Good design is aesthetic

You can probably guess because I’m writing this article that I like the clean minimalist design aesthetic of Dieter Rams / Jony Ive / Apple. That of course is my personal and subjective preference, which others are free to disagree with; I won’t argue with them. Much. 

There are certain graphic design aesthetics which are, for want of a better way of putting it, national. Compare for example the design elements of a USA news channel with a UK news channel – look at the amount of information on the screen in tickers and in the Lower Third, look at the font choices, the aspect ratios of design elements, the use of colour, use of blank space around information, etc – when you sit down and perform a detailed analysis and compare CNN, NBC, ABC with BBC News, Sky News, and GB News, you’ll see not only does each channel have its own channel identity, but you’ll also see the shared common aspects of the USA channels which are different from the shared common aspects of the UK channels. That is to say, there is a shared on-screen design aesthetic for USA news channels, and a shared aesthetic for UK news channels. In a nutshell, the shared USA news channel aesthetic is to cram a lot more text on to the screen in upper case condensed - narrow - sans serif fonts, whilst the UK aesthetic favours less text in standard fonts with much more space and solid colour.

I’m not noted amongst my colleagues as being somebody who minces my words; there are too many council websites where the overall visual design is an abomination. It is clear there has been little design applied to on-screen elements in the context of other on-screen elements. Depending on who might have supplied an asset and when, there are too many council websites where you’ll see a button with a round bevel on one page and a button without a bevel on another page, where you’ll sometimes see gradients and sometimes you won’t, where you’ll see colours which don’t fit in with any of the other colours in the site’s palette because the page’s owner ‘wanted it to stand out’.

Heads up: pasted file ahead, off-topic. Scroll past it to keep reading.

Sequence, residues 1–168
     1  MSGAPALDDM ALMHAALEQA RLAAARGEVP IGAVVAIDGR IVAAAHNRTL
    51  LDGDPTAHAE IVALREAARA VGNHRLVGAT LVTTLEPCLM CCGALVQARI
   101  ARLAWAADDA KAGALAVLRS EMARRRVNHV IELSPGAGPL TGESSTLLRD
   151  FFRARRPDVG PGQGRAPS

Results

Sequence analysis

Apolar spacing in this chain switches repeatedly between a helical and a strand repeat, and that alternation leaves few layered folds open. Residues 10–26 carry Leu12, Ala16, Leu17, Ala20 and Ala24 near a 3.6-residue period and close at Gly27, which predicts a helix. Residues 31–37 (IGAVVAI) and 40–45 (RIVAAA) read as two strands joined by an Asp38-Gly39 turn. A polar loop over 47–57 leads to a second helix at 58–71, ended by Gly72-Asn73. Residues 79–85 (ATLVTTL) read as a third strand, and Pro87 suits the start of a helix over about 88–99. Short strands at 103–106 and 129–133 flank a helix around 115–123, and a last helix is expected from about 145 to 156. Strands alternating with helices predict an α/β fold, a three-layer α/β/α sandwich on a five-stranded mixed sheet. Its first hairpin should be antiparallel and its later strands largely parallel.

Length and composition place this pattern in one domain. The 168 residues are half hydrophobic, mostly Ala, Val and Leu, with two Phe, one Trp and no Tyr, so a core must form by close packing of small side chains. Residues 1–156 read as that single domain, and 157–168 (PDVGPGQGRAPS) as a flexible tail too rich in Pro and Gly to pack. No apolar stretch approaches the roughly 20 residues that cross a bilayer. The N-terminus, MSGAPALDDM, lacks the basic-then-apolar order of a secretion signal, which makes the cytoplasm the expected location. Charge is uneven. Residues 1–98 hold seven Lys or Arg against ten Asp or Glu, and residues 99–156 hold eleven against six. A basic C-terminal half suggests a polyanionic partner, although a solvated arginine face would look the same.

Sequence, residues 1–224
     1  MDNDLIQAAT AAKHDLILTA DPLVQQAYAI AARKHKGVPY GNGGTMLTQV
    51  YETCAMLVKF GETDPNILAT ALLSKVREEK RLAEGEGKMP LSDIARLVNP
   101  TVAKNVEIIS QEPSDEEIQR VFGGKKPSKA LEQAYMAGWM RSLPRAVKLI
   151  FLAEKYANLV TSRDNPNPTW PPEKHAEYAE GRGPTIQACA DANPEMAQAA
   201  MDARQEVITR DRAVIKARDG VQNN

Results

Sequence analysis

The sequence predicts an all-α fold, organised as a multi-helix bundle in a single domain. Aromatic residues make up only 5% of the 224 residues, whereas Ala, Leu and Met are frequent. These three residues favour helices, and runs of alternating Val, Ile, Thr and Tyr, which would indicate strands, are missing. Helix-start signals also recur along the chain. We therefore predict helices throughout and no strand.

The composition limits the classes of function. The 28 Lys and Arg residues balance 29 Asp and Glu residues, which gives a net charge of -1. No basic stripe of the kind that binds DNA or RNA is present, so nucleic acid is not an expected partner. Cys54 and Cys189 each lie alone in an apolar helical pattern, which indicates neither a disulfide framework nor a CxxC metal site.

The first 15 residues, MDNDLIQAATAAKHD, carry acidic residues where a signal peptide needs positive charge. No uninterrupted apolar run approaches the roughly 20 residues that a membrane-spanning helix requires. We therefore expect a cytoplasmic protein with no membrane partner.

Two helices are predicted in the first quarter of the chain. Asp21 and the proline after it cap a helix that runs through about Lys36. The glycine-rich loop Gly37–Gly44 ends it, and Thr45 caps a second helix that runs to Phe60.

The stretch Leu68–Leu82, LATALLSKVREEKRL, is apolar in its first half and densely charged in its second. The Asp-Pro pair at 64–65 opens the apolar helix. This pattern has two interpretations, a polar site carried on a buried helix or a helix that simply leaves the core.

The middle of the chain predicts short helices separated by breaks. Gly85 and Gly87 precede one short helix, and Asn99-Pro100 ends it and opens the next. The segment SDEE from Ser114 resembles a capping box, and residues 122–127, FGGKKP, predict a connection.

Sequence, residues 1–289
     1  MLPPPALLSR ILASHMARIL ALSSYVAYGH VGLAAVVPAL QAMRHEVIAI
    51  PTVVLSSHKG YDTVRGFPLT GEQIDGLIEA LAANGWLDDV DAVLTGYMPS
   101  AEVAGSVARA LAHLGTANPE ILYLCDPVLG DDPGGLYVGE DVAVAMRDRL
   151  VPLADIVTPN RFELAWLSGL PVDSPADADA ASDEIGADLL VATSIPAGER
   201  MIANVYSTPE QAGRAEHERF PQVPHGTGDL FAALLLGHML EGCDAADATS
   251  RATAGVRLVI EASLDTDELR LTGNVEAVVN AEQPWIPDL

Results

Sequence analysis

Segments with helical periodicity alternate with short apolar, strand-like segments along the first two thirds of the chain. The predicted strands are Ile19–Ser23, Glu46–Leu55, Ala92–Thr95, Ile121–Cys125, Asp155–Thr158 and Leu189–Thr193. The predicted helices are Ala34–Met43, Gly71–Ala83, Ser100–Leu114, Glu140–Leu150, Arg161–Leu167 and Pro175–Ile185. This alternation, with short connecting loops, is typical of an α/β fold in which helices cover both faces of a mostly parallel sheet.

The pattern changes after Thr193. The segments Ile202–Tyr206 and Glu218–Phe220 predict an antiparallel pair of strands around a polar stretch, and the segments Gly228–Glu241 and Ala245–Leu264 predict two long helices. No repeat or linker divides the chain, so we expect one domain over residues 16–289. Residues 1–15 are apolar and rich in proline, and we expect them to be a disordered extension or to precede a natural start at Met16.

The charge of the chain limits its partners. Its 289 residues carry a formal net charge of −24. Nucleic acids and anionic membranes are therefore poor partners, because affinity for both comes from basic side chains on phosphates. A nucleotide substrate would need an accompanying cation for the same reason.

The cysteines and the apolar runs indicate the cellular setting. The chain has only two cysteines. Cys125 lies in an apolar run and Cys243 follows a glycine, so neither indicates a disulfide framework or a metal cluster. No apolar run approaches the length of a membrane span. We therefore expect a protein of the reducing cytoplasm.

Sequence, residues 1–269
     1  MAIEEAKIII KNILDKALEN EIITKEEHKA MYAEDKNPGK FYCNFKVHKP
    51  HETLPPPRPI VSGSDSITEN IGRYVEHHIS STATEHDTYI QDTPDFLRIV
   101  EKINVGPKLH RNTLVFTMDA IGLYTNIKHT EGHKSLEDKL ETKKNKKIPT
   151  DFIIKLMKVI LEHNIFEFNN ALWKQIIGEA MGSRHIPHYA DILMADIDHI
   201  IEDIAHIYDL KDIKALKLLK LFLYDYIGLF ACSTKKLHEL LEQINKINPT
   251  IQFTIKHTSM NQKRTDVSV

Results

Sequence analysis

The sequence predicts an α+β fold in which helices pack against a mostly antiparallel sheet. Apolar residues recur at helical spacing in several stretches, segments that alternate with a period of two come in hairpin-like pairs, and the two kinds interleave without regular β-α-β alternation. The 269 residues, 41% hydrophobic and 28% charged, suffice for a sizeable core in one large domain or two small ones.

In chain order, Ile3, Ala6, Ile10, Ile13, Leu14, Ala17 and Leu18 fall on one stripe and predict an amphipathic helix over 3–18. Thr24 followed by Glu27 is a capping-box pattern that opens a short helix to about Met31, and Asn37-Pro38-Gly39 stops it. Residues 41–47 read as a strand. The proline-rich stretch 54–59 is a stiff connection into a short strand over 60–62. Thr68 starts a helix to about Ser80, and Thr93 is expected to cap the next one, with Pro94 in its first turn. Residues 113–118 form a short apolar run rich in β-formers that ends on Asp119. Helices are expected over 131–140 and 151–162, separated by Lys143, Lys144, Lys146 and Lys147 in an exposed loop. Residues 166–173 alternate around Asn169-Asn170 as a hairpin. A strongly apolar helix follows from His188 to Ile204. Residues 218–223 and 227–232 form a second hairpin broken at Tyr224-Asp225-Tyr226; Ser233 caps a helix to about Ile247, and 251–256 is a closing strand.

There are some council websites which have the starting point of a shared aesthetic by virtue of the web Content Management system and its default templates they are built in, and when; you can often spot a website built in LocalGovDrupal from its home page because of its top bar of solid colour with the logo and some meta-links, followed by the full width hero image with the search box in it, followed by top tasks and then a top services list, etc. You can often spot and date a Jadu website from its use of icons on the home page for top tasks. 

What would be interesting to see might be a common UK Local Government Design Aesthetic – not an enforced blandness where every site looks like a copy and paste of every other site with just a global find and replace of ‘Yorkshire’ for ‘Lancashire’, but a common aesthetic which, like the way in which you can tell BBC News apart from Sky News apart from GB News but at the same time you can switch any of them on and know visually you’re watching a UK news channel, you can go to any UK council website and see that it’s a UK council website you’re on, and if you want to do something on that website you’ll know from experience of using other UK council websites where you might have to click to do it. Such a common aesthetic could be produced as a result of an analysis of the best of current websites, and also the worst. I might even put some effort into starting such a process myself in a future article.